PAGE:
There was a dialogue in a famous 2009 Hindi movie ‘3 Idiots’ – roughly translated: We’ll study, but not just to pass the exams or to get a job. We’ll study for excellence… to become capable, and success will follow no matter what.
While the Rajkumar Hirani venture was a run away hit and adored for its progressive take on India’s higher education system, which is stuck in a time warp, how many of us actually follow that thought process?
There’s no doubt that getting a job is important, mostly because it provides you with money, without which you can’t really do much in this world where prices only keep rising. That a job gives you a sense of identity, helps you learn new skills and make new friends, is all secondary. If a job paid you no money, you wouldn’t do it – period.
Now, take a minute and think: Have you come across anyone in your life who has remained permanently jobless, or never ever made a single penny? Chances are, your answer will be a resounding no, unless you are thinking of a slum idiot, who’d rather drown himself in alcohol than venture out looking for employment.
The bottom line: Everyone worth their salt gets a job sooner or later. If not a job, they find other avenues to make money. It’s the norm of the world.
While interviewing for this issue’s story on joblessness among engineers, we came across several unemployed graduates, who are living with an unfounded fear that they might never get jobs. One of them even said that he “regretted” studying engineering because even after two years of graduating with distinction he was struggling to lock in a job.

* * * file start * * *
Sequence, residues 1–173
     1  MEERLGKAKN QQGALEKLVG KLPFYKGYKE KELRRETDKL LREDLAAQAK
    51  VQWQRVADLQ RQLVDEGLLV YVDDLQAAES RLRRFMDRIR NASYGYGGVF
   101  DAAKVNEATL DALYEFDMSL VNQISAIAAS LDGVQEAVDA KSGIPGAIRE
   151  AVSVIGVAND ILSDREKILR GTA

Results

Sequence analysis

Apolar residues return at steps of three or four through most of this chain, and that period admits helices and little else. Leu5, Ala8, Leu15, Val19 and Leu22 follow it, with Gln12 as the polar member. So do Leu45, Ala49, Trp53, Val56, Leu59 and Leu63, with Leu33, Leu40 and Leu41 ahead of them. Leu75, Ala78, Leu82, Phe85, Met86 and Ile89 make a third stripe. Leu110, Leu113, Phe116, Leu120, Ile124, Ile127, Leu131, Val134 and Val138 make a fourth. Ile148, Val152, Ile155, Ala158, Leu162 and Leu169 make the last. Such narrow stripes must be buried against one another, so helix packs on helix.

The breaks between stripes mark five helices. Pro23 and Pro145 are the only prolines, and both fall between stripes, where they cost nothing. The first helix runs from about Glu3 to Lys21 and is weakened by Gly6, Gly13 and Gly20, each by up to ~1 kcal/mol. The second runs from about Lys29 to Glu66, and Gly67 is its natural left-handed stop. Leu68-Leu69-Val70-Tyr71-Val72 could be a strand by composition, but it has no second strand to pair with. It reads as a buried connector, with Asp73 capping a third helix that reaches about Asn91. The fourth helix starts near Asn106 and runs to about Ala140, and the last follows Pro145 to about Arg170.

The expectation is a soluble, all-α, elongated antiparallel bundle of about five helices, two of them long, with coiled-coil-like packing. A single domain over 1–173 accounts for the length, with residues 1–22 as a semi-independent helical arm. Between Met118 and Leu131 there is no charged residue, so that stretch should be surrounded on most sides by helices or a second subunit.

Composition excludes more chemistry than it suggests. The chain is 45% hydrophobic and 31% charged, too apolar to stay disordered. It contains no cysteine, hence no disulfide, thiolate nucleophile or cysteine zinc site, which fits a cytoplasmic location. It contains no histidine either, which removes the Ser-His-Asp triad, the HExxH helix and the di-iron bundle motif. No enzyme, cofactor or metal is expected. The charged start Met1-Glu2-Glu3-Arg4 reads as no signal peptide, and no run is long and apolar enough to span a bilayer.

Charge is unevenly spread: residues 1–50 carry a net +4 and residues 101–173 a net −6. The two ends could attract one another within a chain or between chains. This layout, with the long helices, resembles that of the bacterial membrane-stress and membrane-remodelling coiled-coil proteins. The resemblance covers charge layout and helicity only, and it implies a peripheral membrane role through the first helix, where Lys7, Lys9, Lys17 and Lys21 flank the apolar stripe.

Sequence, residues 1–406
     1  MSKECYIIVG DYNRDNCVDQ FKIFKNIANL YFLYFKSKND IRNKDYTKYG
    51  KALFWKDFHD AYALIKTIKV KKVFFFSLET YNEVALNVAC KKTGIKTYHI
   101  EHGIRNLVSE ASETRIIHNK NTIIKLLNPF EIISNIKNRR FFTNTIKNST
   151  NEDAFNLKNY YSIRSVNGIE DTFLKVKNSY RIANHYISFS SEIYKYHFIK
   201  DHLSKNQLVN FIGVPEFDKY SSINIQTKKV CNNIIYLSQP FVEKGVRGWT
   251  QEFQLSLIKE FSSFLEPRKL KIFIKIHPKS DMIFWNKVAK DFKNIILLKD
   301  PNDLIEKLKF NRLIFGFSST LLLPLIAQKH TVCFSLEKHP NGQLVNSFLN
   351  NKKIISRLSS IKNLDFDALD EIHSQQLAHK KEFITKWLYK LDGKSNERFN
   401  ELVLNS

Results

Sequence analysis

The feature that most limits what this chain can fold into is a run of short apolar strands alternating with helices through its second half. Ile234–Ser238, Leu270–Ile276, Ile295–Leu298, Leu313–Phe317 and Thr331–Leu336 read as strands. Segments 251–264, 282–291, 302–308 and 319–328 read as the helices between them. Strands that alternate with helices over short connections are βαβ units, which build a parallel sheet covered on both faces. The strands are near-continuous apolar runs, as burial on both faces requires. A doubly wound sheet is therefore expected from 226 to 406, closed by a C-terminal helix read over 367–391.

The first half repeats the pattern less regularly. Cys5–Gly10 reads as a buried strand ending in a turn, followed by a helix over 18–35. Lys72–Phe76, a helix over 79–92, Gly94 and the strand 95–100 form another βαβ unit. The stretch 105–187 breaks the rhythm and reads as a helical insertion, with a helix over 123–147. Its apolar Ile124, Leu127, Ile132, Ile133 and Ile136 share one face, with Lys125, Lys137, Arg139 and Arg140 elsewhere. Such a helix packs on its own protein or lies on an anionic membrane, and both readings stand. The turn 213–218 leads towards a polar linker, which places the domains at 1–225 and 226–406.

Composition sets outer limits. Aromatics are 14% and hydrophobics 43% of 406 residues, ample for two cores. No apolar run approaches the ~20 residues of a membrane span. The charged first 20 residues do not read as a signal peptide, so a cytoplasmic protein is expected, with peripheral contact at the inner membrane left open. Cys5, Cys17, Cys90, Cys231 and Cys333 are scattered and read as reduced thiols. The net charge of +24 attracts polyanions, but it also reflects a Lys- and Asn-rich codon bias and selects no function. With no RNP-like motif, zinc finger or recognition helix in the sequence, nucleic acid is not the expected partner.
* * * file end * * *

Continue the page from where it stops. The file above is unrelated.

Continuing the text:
Is this why we spend 20 years of our lives attending school and college? To get a job that pays the bills?
Obtaining a higher education is only proof that you can succeed in academia, not in a real-world job situation. A degree can only show that you have the specialized knowledge or technical skills that an employer may be looking for.
But even that does not hold true in India, where there is a major disconnect between what we are taught in schools and colleges and what the industry needs.
Here are some facts: Only 40% of engineering students in India undergo internships while only 36% take up projects beyond their required coursework. Only 47% of students attend industry talks and almost 60% of faculty does not discuss how engineering concepts apply to the industry.
So, what’s the solution? It’s simple. Do as many internships as possible while at university, and then some after graduating, even if they are unpaid. You’ll learn industry skills that you weren’t taught at college, and before you know it, you’ll become job-ready with some hands-on work experience that every employer looks for.
And while that happens, remember, we educate ourselves to get educated, just that. Not to become a job product.